There then followed the period known to vulgar people as the 'Traction Boom', during which cities and settlements of every size were compelled to 'go mobile', or to face being eaten up by others which had.  Some added tracks like London's, other experimented with inflatable wheels, systems of rails, or even, in the case of the short-lived Pogo-city of Borsanski Novi, some large springs.  Others, meanwhile, rebuilt themselves as rafts and took to the seas.  Some, like Airhaven and Kipperhawk, became airborne, taking advantage of developments in aviation.  Even the mountains can now be gnawed asunder by specialised mining towns in search of ore.  Even the icy polar wastes are traversed by cities, and the floors of the oceans have become the hunting grounds of submarine towns like Pacifica.  

Can it be long before Airhaven is joined in the sky by hunting cities, perhaps ones capable of ascending to the very fringes of space?  

The Ancients, as anyone who has looked up at the night sky will know, built homes and observatories in orbit.  It is not inconceivable that cities may one day evolve to hunt there, too.  Like life, our cities adapt to exploit every environment.

As Municipal Darwinism spread, the static cultures soon began to wither away.  Today they survive only in mountainous regions, such as Shan Guo, where the warrior-monk Batmunkh founded his Anti-Traction League.  In Africa the degraded remnants of the Spring Cultures still protect their heartlands against mobile towns, but even with the League's help their territories grow smaller every year.  Despite such League atrocities as the sinking of Marseilles, most people believe firmly that moving cities are the future, and that Municipal Darwinism will triumph.  Indeed, most city people nowadays imagine that it is barbarous and even unhealthy to set foot upon the bare earth.  In years to come, the only thing left of the old way of life will be a few precious relics, preserved in places like our London Museum.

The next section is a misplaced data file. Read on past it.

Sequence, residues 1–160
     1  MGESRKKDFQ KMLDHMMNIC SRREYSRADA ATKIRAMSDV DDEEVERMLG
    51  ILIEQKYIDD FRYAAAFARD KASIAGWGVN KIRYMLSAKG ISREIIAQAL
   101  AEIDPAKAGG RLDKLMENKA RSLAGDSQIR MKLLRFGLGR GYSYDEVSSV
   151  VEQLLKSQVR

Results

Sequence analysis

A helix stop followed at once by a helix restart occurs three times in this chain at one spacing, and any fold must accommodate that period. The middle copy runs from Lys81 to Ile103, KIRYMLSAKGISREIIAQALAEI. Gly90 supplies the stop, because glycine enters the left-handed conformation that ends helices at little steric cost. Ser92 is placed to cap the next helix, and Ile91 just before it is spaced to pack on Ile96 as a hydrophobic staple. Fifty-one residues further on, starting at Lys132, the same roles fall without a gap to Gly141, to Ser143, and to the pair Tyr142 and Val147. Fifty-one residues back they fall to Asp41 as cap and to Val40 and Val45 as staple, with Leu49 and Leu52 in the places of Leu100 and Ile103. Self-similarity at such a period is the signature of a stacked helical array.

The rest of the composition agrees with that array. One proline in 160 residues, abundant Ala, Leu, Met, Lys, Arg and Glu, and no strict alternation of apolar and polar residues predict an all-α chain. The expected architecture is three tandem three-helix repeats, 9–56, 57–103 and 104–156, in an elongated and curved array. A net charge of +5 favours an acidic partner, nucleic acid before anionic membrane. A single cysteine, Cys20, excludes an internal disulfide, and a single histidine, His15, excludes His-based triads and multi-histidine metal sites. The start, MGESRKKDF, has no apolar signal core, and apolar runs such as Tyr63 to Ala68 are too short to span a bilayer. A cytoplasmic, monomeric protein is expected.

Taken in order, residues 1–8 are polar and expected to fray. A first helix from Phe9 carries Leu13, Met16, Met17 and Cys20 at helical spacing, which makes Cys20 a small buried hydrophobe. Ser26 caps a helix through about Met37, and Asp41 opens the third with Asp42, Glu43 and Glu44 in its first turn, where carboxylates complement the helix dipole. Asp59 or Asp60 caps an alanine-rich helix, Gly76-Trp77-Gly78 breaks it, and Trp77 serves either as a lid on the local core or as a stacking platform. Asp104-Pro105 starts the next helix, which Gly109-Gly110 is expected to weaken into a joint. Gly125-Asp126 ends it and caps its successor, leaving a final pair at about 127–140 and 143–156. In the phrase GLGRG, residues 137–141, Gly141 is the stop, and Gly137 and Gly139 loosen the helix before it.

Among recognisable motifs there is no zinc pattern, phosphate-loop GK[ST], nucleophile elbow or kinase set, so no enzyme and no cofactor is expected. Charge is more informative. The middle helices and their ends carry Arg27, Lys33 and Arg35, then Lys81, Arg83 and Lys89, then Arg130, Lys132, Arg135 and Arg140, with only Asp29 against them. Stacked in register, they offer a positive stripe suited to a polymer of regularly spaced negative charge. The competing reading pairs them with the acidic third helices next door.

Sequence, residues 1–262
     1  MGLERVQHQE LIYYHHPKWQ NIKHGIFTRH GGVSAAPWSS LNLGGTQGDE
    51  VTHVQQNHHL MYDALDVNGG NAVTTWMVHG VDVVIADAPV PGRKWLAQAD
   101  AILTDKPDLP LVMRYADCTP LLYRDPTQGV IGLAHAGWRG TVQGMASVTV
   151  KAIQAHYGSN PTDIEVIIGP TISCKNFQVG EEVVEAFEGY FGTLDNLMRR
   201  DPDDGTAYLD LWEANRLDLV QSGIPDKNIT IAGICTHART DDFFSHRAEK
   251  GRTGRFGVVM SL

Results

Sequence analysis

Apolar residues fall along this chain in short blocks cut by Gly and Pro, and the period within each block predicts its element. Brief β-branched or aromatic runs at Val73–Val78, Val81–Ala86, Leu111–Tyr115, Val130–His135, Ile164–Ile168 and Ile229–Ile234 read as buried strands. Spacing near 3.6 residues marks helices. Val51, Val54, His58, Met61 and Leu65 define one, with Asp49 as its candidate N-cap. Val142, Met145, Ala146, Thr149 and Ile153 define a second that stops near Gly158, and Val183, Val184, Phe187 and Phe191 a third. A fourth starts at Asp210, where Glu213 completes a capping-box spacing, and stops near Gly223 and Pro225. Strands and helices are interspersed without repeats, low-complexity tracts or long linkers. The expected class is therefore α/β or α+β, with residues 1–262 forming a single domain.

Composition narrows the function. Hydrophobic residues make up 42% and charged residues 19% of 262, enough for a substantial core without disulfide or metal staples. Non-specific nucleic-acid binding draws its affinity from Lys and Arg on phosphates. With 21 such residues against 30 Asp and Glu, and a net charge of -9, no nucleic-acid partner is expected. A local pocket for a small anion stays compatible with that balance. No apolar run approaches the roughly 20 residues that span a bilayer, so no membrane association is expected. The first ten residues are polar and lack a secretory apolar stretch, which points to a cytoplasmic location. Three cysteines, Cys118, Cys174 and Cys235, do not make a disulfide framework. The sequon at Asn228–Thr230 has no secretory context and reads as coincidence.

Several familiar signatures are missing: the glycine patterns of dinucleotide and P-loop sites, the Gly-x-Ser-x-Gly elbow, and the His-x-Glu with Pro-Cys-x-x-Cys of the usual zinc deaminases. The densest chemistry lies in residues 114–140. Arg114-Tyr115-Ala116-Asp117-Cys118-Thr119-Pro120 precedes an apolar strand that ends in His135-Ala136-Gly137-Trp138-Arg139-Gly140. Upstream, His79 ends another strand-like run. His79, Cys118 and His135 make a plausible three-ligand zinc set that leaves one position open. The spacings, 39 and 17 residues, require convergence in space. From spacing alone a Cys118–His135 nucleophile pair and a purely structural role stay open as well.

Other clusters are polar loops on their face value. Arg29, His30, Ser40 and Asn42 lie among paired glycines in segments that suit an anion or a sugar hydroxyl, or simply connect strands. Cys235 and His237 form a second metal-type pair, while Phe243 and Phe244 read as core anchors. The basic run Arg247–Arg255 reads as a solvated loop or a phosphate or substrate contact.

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This was a wonderful essay written by Philip Reeve which gives a bit of further insight to the world of Mortal Engines. It is written from the point of view of Chudleigh Pomery, a character from the first Mortal Engines novel. 

It's probably not considered canon but serves as a fair idea of how giant traction cities came to roam the globe!

Pomery is played by veteran British actor Colin Salmon.

If you want to learn more about the stories that happened during the times the essay refers, check out Reeve's prequel series which starts with the novel Fever Crumb.

This work used to be on Reeve's own site but was found at The Way Back Machine. All rights, Mr Reeve.